Gastroenterology has always been high on grossness and low on glamour, but you'd never know from visiting the Manhattan offices of Dr. James Aisenberg. On a recent evening, the lanky physician led a NEWSWEEK reporter into an exam room, lowered the lights and parked at a PC. Tonight's feature presentation: a full-color video of the reporter's empretzeled innards--from gullet to gut to small intestine. Eight hours earlier, he'd swallowed a bullet-size capsule--the PillCam--packed with a tiny blinking camera set to transmit two photos per second to a wearable hard drive. Now Aisenberg was pointing out a "beautiful" shot of the bile duct. "This is the sexiest technology imaginable," he says of the device, which he's used to detect digestive-tract ailments in more than 400 patients. "It's 'Fantastic Voyage'--and it's changed gastroenterology as much as any single breakthrough in the past 10 years."
Until now, only Given Imaging--an Israeli start-up--could offer physicians like Aisenberg such pictures. But that's about to change. Since coming on the market in 2001, Given's PillCam has routinely probed the tight, twisted tunnels of the small intestine, which traditional invasive tube-and-lens endoscopes can't reach. Peer-reviewed studies show that, once inside that organ, a $450 PillCam is twice as effective as other diagnostic tools--including colonoscopies and push enteroscopies--at spotting disorders. (The disposable pill passes, ahem, the "natural way.")
As a result, Given's business has boomed, with more than 260,000 patients served worldwide (the procedure is typically covered by insurance), a surge in sales of 1,700 percent (to $87 million) over the past five years and stock prices that have more than doubled since 2002. Only one problem: Japanese optics giant Olympus will launch its own pill, the EndoCapsule, in the United States this May.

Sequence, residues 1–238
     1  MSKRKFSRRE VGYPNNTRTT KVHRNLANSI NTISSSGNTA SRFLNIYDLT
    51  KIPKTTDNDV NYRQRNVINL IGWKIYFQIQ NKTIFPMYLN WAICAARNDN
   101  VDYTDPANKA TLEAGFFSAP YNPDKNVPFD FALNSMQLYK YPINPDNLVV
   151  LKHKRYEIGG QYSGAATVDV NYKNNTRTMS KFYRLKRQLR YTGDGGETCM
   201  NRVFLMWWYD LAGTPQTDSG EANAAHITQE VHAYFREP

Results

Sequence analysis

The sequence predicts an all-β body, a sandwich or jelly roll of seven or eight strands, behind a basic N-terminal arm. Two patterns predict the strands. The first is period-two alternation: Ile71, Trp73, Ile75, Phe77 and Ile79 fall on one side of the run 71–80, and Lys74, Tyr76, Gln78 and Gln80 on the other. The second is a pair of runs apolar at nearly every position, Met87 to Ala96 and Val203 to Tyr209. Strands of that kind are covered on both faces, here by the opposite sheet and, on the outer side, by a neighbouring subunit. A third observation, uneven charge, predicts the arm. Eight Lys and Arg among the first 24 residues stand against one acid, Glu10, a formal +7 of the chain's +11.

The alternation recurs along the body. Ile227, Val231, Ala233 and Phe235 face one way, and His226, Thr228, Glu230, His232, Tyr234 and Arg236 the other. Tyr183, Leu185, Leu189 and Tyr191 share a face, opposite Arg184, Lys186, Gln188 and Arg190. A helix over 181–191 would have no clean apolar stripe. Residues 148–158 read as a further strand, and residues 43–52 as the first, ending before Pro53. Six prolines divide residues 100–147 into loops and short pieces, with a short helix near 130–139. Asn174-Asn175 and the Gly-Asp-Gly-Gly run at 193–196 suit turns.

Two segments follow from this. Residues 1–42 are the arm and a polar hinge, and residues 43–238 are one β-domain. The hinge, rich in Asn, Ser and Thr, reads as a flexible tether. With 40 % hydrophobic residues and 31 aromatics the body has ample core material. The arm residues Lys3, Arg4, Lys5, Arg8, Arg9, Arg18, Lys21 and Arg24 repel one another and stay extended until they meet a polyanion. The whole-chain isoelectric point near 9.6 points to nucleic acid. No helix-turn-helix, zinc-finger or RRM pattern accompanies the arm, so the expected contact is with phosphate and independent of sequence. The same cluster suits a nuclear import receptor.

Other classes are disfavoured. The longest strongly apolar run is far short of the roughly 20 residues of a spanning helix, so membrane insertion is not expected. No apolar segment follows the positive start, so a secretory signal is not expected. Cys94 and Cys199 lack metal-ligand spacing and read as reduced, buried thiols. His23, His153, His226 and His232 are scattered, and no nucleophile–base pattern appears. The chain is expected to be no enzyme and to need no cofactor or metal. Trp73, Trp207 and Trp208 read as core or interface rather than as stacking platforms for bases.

Given's brain trust has been under siege before. As a top engineer for the Israeli Defense Forces, founder Gavriel Iddan designed a pioneering missile with a TV camera in its tip. It wasn't much of a leap to the PillCam. "Our military engineers have to be the best," says Given CEO (and former IDF major) Gavriel Meron. "But these creative minds don't want to deal with war--and that's why guys making missiles are thinking about gastroenterology."
It's paid off. Over the past decade, Israel's life-science industry has grown by more than 16 percent annually (to $1 billion); Israelis now hold the most medical-device patents per capita in the world. "There's a unique capacity for innovation here," says entrepreneur Shlomo Ben-Haim, who's launched more than 20 life-science start-ups in recent years. "Given exemplifies that mentality."
To battle Olympus, Given plans to produce PillCams tailored to the whole digestive tract. Out now: an esophageal capsule, cleared by the FDA in 2004, comarketed by Johnson & Johnson and aimed at the 25 million Americans who suffer from chronic heartburn. A PillCam for the colon is set to follow in 2007, with a stomach-specific model in the works.
Olympus says its $730 EndoCapsule--available since October in Europe--"is producing superior image quality." But only 700 patients have ingested the device, which has yet to receive FDA approval. With a four-year head start, Given is confident it can outsmart its new competitor. But scores of start-ups have fallen to established players before. It remains to be seen whether Olympus can catch up--and force Given to swallow a bitter pill.